I find myself brimming with heavier topics and thoughts these days, but don’t want to fire them out all at once. That would feel a little bit… much. I never want to give the impression that life is one big, long, continual struggle for me, because that would not be accurate. Although there is usually something hard, and I think that’s what I’ve tended to write about, there are always beautiful light little things that carry a significance of their own in my life. Therefore, this fall, my goal is to pepper the heavier things with the lighter things. To acknowledge the presence of both and to allow them to bring balance. This post is one such light thing.
When I was a child, I was introduced to a TV show that I still love to this very day.
Road to Avonlea.
Put together an existing love for Anne of Green Gables and an uncle who would occasionally record episodes of the similarly-styled Road to Avonlea from TV for us, and you had a happy young Shantz family.
At some point, we started getting them from the library. Mom would put the next one on hold for us, and it would eventually arrive- one VHS tape, two episodes at a time.
In recent years, I began re-watching the series with some trepidation in my heart. Would I still love it?
Turns out, I do. (Phew.)
It has become a little bit of a fall tradition for me to order Road to Avonlea from the library, picking up where I left off the previous fall. Fall is an interesting season, because although it is in many ways a season of new beginnings, it is also a season where you crave cozy and familiar things. I guess that to me, Road to Avonlea is one of those cozy and familiar things. Right along with pumpkin loaf, apple pie, and squash soup.
It is always a vulnerable thing to recommend something to someone else, but Road to Avonlea is something that I feel comfortable recommending to you and your children.
Let me tell you a bit more about it.
Road to Avonlea is loosely based on stories from the books The Story Girl and The Golden Road by Lucy Maud Montgomery. Filmed in (or on? I’m never sure which is proper…) the ever-beautiful Prince Edward Island, the show follows the adventures and relationships of the King family and the community of Avonlea around them.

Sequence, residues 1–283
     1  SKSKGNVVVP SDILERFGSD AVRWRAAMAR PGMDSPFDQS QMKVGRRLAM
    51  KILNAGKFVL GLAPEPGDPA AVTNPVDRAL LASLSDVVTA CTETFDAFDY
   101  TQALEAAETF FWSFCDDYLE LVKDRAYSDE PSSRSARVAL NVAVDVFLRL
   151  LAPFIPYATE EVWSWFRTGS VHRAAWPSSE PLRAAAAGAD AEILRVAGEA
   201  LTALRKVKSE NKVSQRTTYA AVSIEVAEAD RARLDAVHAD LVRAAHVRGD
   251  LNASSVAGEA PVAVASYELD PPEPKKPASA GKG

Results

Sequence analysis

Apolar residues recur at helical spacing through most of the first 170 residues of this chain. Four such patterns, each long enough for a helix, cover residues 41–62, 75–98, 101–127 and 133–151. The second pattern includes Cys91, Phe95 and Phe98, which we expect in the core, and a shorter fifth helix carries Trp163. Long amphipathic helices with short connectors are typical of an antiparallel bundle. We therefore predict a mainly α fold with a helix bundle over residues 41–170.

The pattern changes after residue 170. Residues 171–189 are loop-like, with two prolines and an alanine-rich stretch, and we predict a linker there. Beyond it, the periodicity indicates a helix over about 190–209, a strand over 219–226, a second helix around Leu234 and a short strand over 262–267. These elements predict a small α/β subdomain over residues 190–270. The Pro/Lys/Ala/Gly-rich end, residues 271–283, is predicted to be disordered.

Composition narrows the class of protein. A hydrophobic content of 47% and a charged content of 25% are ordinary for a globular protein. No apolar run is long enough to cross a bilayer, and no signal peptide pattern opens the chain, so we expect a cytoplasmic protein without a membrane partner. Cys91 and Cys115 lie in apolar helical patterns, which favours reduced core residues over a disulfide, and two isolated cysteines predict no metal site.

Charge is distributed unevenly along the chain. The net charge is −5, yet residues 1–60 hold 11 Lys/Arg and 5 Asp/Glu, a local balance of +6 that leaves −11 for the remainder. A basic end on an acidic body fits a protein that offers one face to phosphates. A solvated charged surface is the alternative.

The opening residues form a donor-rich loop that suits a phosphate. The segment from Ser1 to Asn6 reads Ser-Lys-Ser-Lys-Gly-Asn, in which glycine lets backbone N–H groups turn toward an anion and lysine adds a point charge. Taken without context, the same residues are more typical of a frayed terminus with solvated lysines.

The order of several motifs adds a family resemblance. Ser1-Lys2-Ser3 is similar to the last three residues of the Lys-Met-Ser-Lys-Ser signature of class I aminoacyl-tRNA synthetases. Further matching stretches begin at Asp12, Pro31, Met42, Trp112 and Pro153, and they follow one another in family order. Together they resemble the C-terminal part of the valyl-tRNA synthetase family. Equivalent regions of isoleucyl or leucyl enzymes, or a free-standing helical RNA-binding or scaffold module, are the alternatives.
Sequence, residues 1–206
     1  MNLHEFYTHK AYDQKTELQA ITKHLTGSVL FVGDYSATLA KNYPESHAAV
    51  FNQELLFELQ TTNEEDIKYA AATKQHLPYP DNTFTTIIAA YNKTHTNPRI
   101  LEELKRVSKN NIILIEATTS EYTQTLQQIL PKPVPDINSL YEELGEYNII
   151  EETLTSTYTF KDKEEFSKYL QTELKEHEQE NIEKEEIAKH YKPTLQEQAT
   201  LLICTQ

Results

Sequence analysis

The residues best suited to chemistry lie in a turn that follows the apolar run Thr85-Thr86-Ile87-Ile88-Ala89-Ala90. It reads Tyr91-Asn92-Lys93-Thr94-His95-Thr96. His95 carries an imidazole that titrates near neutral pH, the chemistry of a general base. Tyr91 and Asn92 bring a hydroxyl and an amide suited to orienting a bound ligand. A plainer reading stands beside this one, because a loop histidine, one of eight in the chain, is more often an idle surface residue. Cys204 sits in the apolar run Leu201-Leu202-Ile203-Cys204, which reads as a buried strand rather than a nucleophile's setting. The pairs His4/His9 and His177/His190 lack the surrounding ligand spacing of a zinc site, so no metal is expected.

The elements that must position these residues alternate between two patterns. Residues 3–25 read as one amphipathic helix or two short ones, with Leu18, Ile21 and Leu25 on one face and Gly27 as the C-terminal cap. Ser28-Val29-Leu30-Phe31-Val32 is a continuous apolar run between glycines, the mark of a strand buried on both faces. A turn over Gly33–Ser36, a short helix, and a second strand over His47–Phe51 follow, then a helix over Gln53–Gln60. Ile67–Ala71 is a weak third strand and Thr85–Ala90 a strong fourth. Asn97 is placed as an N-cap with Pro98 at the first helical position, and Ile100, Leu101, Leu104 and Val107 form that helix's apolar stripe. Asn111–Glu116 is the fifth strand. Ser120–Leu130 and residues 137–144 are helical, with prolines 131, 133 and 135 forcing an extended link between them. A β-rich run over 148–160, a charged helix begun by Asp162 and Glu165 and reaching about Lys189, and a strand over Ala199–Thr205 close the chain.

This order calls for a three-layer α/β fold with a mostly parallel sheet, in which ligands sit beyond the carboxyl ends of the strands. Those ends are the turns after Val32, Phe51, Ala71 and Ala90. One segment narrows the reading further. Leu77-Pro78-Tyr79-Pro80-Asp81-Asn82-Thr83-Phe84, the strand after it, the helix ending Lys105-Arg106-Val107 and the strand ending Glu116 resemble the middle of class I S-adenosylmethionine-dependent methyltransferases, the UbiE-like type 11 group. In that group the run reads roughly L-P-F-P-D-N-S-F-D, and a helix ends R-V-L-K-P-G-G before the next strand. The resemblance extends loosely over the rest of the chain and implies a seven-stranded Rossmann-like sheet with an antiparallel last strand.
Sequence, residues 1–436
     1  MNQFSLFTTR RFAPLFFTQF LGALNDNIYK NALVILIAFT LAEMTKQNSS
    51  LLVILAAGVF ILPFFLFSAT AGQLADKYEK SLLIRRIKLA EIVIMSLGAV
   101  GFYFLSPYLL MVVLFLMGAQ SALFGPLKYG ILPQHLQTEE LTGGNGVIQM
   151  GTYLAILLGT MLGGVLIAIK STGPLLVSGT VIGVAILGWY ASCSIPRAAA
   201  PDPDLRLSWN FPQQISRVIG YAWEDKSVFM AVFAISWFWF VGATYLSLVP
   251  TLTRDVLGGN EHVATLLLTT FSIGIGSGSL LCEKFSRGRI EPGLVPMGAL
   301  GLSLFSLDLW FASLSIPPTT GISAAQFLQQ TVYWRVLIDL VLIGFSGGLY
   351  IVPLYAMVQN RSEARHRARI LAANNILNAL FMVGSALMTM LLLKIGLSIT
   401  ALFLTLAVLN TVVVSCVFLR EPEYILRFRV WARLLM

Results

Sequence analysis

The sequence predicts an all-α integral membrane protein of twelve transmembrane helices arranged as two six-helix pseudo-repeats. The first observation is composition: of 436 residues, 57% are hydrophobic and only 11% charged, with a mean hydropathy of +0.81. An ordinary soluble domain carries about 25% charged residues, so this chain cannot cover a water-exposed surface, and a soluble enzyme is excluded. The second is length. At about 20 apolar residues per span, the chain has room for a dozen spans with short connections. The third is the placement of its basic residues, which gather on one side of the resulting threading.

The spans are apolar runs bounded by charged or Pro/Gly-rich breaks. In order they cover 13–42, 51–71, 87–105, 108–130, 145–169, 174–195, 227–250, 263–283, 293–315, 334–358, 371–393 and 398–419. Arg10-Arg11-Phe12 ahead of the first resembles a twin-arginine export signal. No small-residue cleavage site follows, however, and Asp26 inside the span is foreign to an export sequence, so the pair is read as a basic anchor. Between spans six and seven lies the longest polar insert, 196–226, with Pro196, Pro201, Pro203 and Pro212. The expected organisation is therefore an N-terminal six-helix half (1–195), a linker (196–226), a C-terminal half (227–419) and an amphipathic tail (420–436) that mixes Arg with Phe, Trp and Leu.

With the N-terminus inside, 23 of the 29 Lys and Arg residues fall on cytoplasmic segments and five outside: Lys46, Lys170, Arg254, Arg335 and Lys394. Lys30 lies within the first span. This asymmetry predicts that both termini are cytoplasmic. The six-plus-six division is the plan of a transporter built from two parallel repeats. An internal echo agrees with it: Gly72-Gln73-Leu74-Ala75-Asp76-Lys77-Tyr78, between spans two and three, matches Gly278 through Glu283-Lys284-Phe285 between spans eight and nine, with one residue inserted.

Oh, the mischief!
Oh, the humour!
Oh, the beautiful scenery!
Oh, the grace and forgiveness…
Oh, the uncertainties and decisions…
Oh, the tears…
You get the point. This show covers a lot of ground. I suppose that a lot of shows do cover a lot of ground, but I find that Road to Avonlea does it in an extremely wholesome and realistic way.
The language is clean.
There is some romance, but it is sweet and slow and innocent.
The children get into mischief, but are held accountable for their choices and often learn something from the experience.
The show carries strong, practical themes about family, friendship, work, and living ordinary life wholeheartedly.
There is humour. I find it to be a very true-to-life sort of humour though… not an in-your-face, sarcastic kind of humour with a ton of attitude behind it.
The scenery of PEI is gorgeous. This show captures the Island in all seasons, and it is just a delight to see the activities of the characters adjust to the season of the year they are in.
Road to Avonlea is set in the early 1900s, and gives a great glimpse into the clothing, technology, activities, and community life of that time. Honestly, if I could pick any time and place in history to exist, I think I would want to live in a small town like Avonlea in 1910. I’m serious. (I also secretly want to live at Doon Heritage Village. In case anyone is wondering.)
(And yes, I KNOW- life was probably a lot harder back then in a lot of ways, due to the lack of technology, more limited medical knowledge, etc, etc. But it still appeals to me. Okay? Okay.)
Episodes are usually around forty-five minutes, which I think is the perfect length. Long enough to settle in comfortably with a blanket, but not as long as an entire movie. (One and half or two hours of watching can certainly make a body feel sleepy and lethargic!) The nice thing about Road to Avonlea is that I often am satisfied by just watching one episode, and don’t feel that drive to keep watching…
You see, Road to Avonlea isn’t particularly… fast-moving. (Ahem. Some people call it boring. But it’s not boring! The episodes are perfectly slow and natural.) Although they are not boring, they probably won’t hold the attention of young children. I’m thinking that seven or eight year olds might be the right age to begin catching the humour and the themes.
You can order the DVDs from your library or rent or buy it digitally (for a fee) here: https://gazebotv.com/product-detail/22928. (The first episode can be viewed for free!) There are snippets on Youtube as well, if you want to get a feel for the show.
If you’re looking for a cozy show for your family to enjoy this fall, I think that Road to Avonlea is a good option. It gives a good snapshot of the beauty and pain that we experience as humans.
That’s about all I have to say. Except that the books The Story Girl and The Golden Road are delightful as well, and that you should read them.
Pop some popcorn, grab some apples, and settle in for the show.
Oh, I have so many questions for you.
Have you watched Road to Avonlea?
Was there a show or book that you grew up with that you still love?
What do you do to embrace the autumn cravings for warm and comfortable things?